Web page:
CARICOMFeaturedStatements by Secretary-General

Presentation by Dr Carla N. Barnett, Secretary-General of the Caribbean Community (CARICOM) at the Thirty-Ninth Session of the Economic Commission for Latin America and the Caribbean (ECLAC) (Panel 3: Sectoral Investment Strategies – Drivers of Sustainable Development), Buenos Aires, Argentina (Hybrid), 25 October 2022

Thanks to ECLAC for inviting me to participate in this discussion of key sectors of the global economy, and the policy imperatives that are critical to ensuring that regional economies can and do progress these sectors with the objective of inclusive and sustainable development.

As a backdrop, the investment policy environment within CARICOM is characterized the priority of attracting external investment flows, revitalizing the domestic private sector and creating a facilitative business environment within our Member States. 

As largely capital scarce economies, growth has been propelled by  both public and private foreign  investment flows. Foreign direct investment (FDI) flows that CARICOM Member States have been able to attract within the last decade or so, have not been sufficient to drive inclusive and sustainable economic growth and development, across Member States.  The challenge of increasing investment has become more critical with the near cessation of FDI inflows (with few notable exceptions) since the first quarter of 2020, during the COVID-19 pandemic.

However, according to the UNCTAD World Investment Report 2022, while FDI flows to Latin America and the Caribbean Region had plunged by 45% in 2020, the sharpest decline recorded in developing regions that year, this has rebounded, growing by 56%, in 2022 however, with FDI to the Caribbean increasing by a much lower 39% to US$3.8 billion.

Investment in new sectors can stimulate structural change but for this to happen strategies must address:

  • access to financing;
  • accessibility of labour and human resource capacities;
  • appropriate regulatory framework;
  • social inclusion measures or policies.

The evolving global sectors that are important in the CARICOM context include ICT, Energy and Agriculture which join the Tourism and Services sectors as drivers of growth and development. Let us look at how CARICOM is addressing a few critical sectors:


The current work being undertaken in ICT for development is guided mainly by several strtegies:

  • The Regional Digital Development Strategy;
  • CARICOM Single ICT Space – Vision, Roadmap and Workplan;
  • World Summit on the Information Society(WSIS) Plan of Action;
  • eLAC2007 – eLAC2018 (Digital Agenda for Latin America and the Caribbean.

It is important to note that CARICOM governments are all at very different stages in their journey of digital transformation, with the majority still in the early development stages.  CARICOM Member States continue to advance projects in the following (but not limited to) areas:  Digital IDs, Digital Currency, Public Sector Online Service Delivery, Digital Infrastructure, Digital Agriculture, Online Payments, Legislation and Policy, support to the education sector, and others.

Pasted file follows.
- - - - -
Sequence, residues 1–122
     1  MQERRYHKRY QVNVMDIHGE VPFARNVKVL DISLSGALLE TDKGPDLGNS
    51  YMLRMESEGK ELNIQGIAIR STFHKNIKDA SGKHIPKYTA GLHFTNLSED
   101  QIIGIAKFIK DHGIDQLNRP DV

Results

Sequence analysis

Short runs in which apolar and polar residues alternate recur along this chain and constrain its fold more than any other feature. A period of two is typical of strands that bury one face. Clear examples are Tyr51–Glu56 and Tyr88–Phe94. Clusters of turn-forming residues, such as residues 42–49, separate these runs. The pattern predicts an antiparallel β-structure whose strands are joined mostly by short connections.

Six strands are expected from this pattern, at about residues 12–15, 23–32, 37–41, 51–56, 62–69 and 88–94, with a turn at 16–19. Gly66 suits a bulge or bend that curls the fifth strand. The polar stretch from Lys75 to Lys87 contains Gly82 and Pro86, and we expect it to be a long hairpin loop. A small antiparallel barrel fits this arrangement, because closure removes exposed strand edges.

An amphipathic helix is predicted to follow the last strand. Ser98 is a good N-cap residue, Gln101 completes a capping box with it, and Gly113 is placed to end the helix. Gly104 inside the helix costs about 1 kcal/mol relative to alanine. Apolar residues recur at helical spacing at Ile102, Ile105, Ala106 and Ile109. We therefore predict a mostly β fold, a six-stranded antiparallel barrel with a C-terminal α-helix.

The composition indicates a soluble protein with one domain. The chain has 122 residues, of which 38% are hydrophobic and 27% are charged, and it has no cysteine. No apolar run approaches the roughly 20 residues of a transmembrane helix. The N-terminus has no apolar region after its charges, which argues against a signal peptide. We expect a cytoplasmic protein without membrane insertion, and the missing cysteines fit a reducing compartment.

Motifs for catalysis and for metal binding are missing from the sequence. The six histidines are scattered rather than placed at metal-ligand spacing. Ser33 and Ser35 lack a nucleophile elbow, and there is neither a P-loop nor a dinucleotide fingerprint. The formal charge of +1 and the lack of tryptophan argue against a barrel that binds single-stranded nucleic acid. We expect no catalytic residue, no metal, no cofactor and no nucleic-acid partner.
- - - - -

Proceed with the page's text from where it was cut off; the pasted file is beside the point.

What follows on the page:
Challenges in doing this include the need for :

  • sustained actions to drive the Regional digital transformation efforts, in support of sustainable development;
  • data and information strategy – to provide ‘real-time’ information to support current and future planning;
  • formal, comprehensive ‘joined-up’ programme and project activities to enable cost-savings and increase efficiency.

We know that ICT can drive sustainable development in the Region through job creation as one of the largest and fastest growing sectors, generating income, GDP enhancement, increasing effectiveness and productivity, improving business services and processes, providing accessible information and communication networks, education, innovation and human capital;

We also know that key developments such as Broadband for development – which can lead to increases in efficiency and productivity in the economy – and Technologies such as the Internet, artificial intelligence, big data and cloud computing, have the potential to bridge the gap and lessen divides between developed and developing countries; and the gap between those who have and those who do not have within our countries.

But achieving these potential gains requires investments in organisational and human capital. Accordingly, strategies to drive Sustainable development would   include:

  • Digital economy strategies – which allow the Region to combine ICT and other complementary strategies;
  • Research and Innovation for Sustainability to uncover innovation initiatives that are already taking place in the Region in key and potential growth sectors;
  • Data Strategy – for use, structure, exchange: Better information for decision-making;
  • Cloud Strategy;
  • Supportive, appropriate legal and regulatory frameworks


Energy is not simply an economic issue. For the Caribbean, energy is part of a longer-term sustainable development and resilience strategy.  The Region requires around 20 billion USD to revitalize and modernize its energy grid. Many of our countries do not have the fiscal space or the local capital to do so. The Region has one of the highest electricity rates in the world, therefore, theurgency of the Energy Transition is clear. Most of the power generation systems within CARICOM rely on imported petroleum (and petroleum products), and are subject to the volatility of the global energy commodity markets.

Sustainable Energy Transition, therefore, is a key priority for the Regional Energy Programme to reduce the Region’s dependence on imported fossil fuels, facilitate the achievement of ambitious Nationally Determined Contributions (NDC) under the Paris Agreement, and support economic growth and sustainable development through improved energy security.

Key challenges to the regional sustainable energy transition include: